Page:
(Can we date this quote?), Jacques Tocatlian, Around the World in 80 Missions:
He proceeded to say that vranyo was untranslatable. [...] When using vranyo, Russians know that they are fibbing and expect their audience to understand that.
1989, Raymond F. Smith, Negotiating with the Soviets, page 41:
The distinction between vranyo and lozh can be subtle, but it is important. Vranyo in its pure form is an art, an exercise in imagination, a tall tale told for the joy of it, not in an effort to gain advantage at the expense of the listener.
1996 April 19, Charles Trew <db559@FreeNet.Carleton.CA>, “Re: What makes the Ukrainians like their own children for breakfast?”, in alt.current-events.russia, Usenet:
No one could be such an idiot on purpose, you're clearly spreading disinformation in classic, Soviet style. The appropriate term for this is: vranyo.
1994, John Arundel Barnes, A pack of lies: towards a sociology of lying, page 67:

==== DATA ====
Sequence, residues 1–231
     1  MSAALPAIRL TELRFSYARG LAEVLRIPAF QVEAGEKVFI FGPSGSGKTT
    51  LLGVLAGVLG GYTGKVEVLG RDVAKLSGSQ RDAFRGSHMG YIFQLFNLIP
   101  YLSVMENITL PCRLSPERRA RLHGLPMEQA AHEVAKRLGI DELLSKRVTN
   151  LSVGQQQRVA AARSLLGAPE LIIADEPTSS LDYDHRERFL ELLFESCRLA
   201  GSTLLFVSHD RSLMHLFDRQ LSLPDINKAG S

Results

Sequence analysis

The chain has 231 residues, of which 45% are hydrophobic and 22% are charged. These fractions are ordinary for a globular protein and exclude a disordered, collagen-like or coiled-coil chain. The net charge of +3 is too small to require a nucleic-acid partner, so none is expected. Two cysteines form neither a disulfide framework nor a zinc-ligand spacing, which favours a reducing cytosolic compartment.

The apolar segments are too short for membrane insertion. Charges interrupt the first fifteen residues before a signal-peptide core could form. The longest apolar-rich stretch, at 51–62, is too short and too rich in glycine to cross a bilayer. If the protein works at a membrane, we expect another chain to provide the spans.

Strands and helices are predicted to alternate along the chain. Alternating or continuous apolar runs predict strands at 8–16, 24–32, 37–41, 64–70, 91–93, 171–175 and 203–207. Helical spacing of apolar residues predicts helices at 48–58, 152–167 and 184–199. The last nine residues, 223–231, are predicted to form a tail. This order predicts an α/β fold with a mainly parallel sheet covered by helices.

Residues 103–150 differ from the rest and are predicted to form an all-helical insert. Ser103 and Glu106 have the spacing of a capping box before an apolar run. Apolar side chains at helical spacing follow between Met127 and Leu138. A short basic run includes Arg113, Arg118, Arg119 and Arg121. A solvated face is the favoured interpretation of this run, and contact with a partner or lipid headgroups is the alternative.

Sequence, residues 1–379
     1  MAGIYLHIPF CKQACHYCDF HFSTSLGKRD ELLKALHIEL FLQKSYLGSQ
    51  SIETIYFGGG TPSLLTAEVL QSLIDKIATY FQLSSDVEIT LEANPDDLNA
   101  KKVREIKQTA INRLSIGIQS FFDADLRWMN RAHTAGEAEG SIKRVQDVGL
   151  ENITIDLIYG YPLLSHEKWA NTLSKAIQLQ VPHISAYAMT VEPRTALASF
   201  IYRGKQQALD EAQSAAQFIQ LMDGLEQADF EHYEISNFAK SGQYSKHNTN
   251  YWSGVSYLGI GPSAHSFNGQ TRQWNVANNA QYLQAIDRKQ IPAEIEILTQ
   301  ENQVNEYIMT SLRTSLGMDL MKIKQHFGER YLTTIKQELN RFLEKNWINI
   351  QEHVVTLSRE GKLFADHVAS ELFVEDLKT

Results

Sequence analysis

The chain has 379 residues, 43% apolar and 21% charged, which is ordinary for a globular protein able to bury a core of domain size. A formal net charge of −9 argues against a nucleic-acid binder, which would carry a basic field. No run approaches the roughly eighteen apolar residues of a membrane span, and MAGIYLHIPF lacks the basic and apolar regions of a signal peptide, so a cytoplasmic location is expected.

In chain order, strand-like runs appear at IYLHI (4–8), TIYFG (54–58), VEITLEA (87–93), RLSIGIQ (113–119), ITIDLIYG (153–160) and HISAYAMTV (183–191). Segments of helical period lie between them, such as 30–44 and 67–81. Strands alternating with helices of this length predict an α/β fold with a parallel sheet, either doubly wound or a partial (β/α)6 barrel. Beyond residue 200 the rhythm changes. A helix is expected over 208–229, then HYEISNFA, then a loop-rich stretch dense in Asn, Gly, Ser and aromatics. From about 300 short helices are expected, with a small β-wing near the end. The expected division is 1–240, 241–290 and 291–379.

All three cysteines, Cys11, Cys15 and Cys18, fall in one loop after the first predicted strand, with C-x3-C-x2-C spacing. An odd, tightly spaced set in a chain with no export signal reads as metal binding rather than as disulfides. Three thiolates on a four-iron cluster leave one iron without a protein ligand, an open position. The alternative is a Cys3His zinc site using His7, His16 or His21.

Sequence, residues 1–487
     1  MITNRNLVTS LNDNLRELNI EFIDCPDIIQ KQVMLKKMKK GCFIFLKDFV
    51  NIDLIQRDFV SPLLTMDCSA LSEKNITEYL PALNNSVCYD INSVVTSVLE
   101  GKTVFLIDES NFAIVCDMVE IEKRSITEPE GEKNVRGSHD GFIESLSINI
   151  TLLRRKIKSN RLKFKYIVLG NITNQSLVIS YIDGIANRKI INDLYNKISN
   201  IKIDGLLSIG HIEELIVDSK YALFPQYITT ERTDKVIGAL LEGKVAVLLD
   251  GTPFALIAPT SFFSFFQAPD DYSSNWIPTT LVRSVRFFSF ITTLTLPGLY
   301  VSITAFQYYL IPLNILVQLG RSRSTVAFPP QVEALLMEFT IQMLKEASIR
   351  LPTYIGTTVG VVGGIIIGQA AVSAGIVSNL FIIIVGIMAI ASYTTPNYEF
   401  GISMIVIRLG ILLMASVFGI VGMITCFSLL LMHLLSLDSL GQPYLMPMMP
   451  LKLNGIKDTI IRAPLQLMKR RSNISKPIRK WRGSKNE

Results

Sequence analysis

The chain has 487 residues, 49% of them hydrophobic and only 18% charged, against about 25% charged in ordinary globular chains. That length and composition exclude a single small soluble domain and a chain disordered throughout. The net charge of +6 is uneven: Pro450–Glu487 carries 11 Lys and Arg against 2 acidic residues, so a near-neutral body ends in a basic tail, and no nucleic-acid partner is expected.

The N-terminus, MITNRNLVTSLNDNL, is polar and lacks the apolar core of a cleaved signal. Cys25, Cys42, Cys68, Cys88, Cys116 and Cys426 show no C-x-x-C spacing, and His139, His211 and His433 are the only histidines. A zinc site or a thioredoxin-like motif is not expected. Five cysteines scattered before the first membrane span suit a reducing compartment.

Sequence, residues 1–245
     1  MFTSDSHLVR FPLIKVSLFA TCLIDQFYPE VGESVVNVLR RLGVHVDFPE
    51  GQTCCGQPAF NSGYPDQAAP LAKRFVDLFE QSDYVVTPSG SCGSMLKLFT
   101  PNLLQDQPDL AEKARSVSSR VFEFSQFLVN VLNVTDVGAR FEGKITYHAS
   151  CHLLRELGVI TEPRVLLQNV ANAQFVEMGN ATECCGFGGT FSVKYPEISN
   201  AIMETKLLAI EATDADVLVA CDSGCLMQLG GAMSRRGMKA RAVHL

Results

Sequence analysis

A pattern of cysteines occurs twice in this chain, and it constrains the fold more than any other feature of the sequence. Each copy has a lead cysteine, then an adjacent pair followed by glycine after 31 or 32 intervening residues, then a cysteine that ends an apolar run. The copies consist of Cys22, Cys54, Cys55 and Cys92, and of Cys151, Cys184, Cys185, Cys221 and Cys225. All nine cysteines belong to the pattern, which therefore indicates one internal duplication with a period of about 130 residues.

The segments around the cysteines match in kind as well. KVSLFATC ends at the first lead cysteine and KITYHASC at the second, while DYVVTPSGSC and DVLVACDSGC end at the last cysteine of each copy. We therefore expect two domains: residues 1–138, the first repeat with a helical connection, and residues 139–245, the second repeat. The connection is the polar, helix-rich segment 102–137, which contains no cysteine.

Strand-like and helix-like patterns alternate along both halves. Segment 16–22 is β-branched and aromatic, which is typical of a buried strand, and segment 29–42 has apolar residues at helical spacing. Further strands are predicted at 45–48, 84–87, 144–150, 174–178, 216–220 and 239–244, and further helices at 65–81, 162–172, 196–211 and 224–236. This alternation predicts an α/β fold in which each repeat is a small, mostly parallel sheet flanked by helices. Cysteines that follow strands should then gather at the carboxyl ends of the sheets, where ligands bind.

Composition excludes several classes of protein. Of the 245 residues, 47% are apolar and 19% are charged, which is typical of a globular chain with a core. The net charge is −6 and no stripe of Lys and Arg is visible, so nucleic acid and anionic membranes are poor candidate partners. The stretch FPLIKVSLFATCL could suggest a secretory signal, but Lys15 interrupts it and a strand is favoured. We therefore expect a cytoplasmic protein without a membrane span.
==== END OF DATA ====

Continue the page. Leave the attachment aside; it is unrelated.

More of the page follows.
In Russian culture a distinction is drawn between two kinds of lies, vranyo and lozh which do not have exact parallels in English. Vranyo has been claimed as uniquely Russian, and seems to consist of telling untrue but credible stories, a practice not condemned by those who recognize what is going on. Indeed, for success in vranyo-telling, there must be a listener who pretends to believe in the truth of what is being said. [...] Lozh, on the other hand, implies a conscious intention to deceive.
A Russian friend explained vranyo in this way: "You know I'm lying, and I know that you know, and you know that I know that you know, but I go ahead with a straight face, and you nod seriously and take notes."